"What lies behind you and what lies in front of you, pales in comparison to what lies inside of you." Ralph Waldo Emerson © 2005 Gary B. Ackerman. All Rights Reserved. The
Burrito contains the personal views and food for thought of Gary Ackerman and does not reflect the views of any other person or organization.
Get ready for instant body scans at airport security. Really. It is being tested as we speak, or read, or whatever it is we do. See that man in the photo? That is what I call a travelin’ dude packing a pistol. He looks like the road warriors that often sit in the middle seat next to me on over-booked airline flights, and he knows where to put the heat. In fact, I wonder if he knows it is there? “Oh, is that where I put my plastic gun! I’ve been looking for weeks. Thanks, fellahs, for finding it for me.” We believe in open and transparent markets. Therefore, I propose that all CAISO market design documents should also be put through one of those beta-test scanners to see if there are any funny things going on. When I hear our grid operator announce something is going to be “open and transparent”, two things immediately occur: I grab my wallet to see if it is secure, and an alarm goes off at the HCWSTUN department at SCE headquarters in Rosemead. “Yeah, this is the HCWSTUN calling about an alarm we just received – red lights flashing and buzzers going off like we hit the damn jackpot in Vegas. What should we do?” Instructions from a corner office on the fourth floor go down to the HCWSTUN, and before you can say “just and reasonable,” an advice letter filing appears at the CPUC requesting immediate implementation of a new nonmarket mechanism to protect ratepayers. You think I’m kidding? We are currently engaged in a great debate regarding SCE’s general rates. It is a massive proceeding, and we are objecting to a minor little piece of it. The utility wants ratepayers to fork over $9 million a year for a Project Development Department (probably on the same floor as the HCWSTUN department) that would develop generating sites for utility owned projects. I wish all my developer friends had the same deal. They would have instant access to money for spec-ing new sites, preparing and filing CEC permits, air modeling … you name it. So, in our humble testimony, we said bull**it to this. If SCE wants to play the game, then they should do it at shareholder risk, not on the ratepayers’ back. Well, SCE took umbrage at the attack made by WPTF and many other parties, and replied in rebuttal testimony that, “The Commission Should Fund The Project Development Division And Protect Ratepayers From Additional Market Power Abuses”. I’m not making that up. They actually pay people to dream up these corny replies. Ratepayers should pay SCE to protect themselves from, from, from …. oh yeah, market power abuses by others. That’s worth of any amount of money. Make it a cool $9 million. Some of you know that I am a technology blunderbuss. Imagine my delight and surprise when I pierced the VOIP world this week. Utilizing Skype, I had an online conference call for free with several parties, one participating from Japan. How cool is that? The sound quality wavered between unbearably loud to barely audible. I never did figure out how to adjust the volume on the headset I was using with my computer. My feeling about the 1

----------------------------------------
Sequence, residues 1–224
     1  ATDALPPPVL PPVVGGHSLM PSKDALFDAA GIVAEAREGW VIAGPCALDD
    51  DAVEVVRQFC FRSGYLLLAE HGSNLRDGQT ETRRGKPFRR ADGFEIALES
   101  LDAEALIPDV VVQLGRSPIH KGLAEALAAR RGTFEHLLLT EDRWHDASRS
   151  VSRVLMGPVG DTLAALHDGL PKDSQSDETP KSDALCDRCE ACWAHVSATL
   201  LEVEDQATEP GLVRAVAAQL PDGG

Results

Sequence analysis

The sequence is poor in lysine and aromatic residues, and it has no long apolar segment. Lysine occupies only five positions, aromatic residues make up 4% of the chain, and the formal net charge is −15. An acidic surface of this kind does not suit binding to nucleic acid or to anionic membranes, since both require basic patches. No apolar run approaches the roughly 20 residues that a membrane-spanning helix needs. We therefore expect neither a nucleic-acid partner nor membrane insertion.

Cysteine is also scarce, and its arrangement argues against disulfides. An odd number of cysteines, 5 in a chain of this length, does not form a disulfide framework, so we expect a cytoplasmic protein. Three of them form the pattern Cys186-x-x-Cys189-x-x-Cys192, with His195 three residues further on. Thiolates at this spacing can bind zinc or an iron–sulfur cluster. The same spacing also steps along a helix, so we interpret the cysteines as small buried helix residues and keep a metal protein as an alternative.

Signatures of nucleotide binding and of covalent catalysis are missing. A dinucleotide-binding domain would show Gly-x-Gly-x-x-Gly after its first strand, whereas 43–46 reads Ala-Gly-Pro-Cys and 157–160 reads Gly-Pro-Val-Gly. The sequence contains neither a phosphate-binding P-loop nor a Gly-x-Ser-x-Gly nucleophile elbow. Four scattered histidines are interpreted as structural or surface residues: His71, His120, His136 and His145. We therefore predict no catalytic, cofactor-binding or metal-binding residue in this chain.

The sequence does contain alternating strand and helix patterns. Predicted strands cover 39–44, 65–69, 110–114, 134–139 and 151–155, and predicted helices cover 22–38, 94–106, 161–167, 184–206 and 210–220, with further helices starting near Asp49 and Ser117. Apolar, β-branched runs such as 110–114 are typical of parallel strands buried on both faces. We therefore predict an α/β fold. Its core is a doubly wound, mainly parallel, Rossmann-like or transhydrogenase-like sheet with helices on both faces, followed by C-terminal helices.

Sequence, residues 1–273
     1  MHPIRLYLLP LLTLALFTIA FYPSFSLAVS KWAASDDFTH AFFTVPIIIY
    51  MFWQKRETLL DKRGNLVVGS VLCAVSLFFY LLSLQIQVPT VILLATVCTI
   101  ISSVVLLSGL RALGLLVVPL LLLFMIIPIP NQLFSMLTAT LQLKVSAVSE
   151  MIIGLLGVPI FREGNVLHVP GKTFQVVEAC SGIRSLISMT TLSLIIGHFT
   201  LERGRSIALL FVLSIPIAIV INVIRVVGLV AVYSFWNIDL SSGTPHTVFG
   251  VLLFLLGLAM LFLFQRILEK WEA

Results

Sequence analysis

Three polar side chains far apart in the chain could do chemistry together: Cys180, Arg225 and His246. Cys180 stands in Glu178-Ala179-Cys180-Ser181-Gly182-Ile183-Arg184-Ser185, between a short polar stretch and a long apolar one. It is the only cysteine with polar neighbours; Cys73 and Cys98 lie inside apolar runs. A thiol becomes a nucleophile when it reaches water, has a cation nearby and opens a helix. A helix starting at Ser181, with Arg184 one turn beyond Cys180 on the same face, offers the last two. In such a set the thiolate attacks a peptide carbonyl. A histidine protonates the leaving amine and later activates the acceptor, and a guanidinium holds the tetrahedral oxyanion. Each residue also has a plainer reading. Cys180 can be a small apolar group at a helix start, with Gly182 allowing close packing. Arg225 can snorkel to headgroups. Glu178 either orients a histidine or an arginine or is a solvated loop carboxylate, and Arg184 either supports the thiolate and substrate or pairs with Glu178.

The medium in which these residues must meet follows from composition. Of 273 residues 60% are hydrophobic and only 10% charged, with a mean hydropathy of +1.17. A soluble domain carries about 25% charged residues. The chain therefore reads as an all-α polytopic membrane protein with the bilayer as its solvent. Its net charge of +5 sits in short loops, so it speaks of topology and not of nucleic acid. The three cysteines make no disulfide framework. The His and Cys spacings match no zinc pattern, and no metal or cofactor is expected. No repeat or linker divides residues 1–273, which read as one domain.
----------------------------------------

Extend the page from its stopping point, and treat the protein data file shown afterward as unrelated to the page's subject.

maiden voyage on Skype was similar to when I dispatched my first e-mail message, about ten years ago. Or was it earlier? I forget. Anyway, I could hardly believe it worked. When can I throw away my cell phone and use a VOIP Blackberry? I’m ready now. The CPUC has been sitting on a number of important decisions, and us market types are getting anxious to see what it decides. There are two Petitions for Modification of the Long-Term Procurement Order by PG&E, a Petition for Modification by TURN on the Resource Adequacy decision, a clarification by IEP on the...